Beyond Barriers

Published: Thursday November 28, 2013 MYT 12:00:00 AM
Updated: Thursday November 28, 2013 MYT 10:00:23 AM

Where there's a wheel, there's a way

The travel and hospitality industry should apply the principles of universal design to their products and services.

IT’S that time of the year again when most of us plan our holidays, trips, breaks and getaways. Whatever you call it, the main purpose of these outings is to unwind and relax, and get away from crazy stuff which stresses us out.

After a year of hard work, what better way to reward ourselves than to take a holiday and chill out.

I used to join the year-end holiday-makers before I was diagnosed with brain tumour 15 years ago.

Following two operations and a turn of events which affected my mobility, I have not had too many chances to travel.

As a brain tumour survivor, there are a lot of issues which I need to take into consideration when travelling. Accessibility is a key concern.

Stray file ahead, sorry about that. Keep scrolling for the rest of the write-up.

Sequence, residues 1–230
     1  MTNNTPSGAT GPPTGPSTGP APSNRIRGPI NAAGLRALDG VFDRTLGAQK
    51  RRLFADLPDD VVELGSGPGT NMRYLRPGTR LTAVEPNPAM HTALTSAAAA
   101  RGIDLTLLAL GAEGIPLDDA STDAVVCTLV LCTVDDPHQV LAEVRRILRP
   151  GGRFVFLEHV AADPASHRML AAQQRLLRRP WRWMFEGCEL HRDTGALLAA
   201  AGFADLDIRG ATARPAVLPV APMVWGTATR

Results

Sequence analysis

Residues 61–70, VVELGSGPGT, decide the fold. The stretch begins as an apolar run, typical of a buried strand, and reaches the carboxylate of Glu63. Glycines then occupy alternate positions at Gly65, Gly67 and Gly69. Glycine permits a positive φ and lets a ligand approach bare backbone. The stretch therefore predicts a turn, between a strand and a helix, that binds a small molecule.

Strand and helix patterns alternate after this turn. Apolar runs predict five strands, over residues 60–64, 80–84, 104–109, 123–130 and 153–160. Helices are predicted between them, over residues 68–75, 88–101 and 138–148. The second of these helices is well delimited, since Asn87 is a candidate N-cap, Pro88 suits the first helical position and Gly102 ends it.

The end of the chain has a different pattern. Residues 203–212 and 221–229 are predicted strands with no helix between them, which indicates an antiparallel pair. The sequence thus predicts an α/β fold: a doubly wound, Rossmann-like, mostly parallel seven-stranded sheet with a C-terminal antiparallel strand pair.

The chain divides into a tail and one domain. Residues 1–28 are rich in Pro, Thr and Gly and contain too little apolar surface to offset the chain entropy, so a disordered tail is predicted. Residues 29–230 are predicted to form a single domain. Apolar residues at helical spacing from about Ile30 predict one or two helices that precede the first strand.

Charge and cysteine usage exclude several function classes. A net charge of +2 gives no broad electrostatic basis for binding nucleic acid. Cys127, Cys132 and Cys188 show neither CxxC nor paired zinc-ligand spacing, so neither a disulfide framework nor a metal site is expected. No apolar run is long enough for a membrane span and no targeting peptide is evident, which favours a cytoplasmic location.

A few years ago, I had the opportunity to travel to the East Coast with a group of people with various disabilities.

We took the national carrier and was pleased with the way the airport staff handled passengers with disabilities. The transfers to and from the aircraft went smoothly.

However, we were not so lucky with our hotel rooms.

As the hotel did not have any disabled-friendly rooms, we had to make do with whatever we were provided with.

All of us had problems with the toilets.

The shower was inaccessible because it was inside the bathtub, so the staff provided us with plastic chairs and scoops.

The sink was also out of reach for wheelchair users.

If we wanted to take a bath, we had to use the hose next to the toilet bowl. Just imagine taking a bath with freezing cold water early in the morning.

Some of us had a really tough time manoeuvring our wheelchairs inside the restroom. It was not built to accommodate wheelchairs and the poor design and positioning of fittings added to our misery.

Jackie Ng, brain tumour survivor.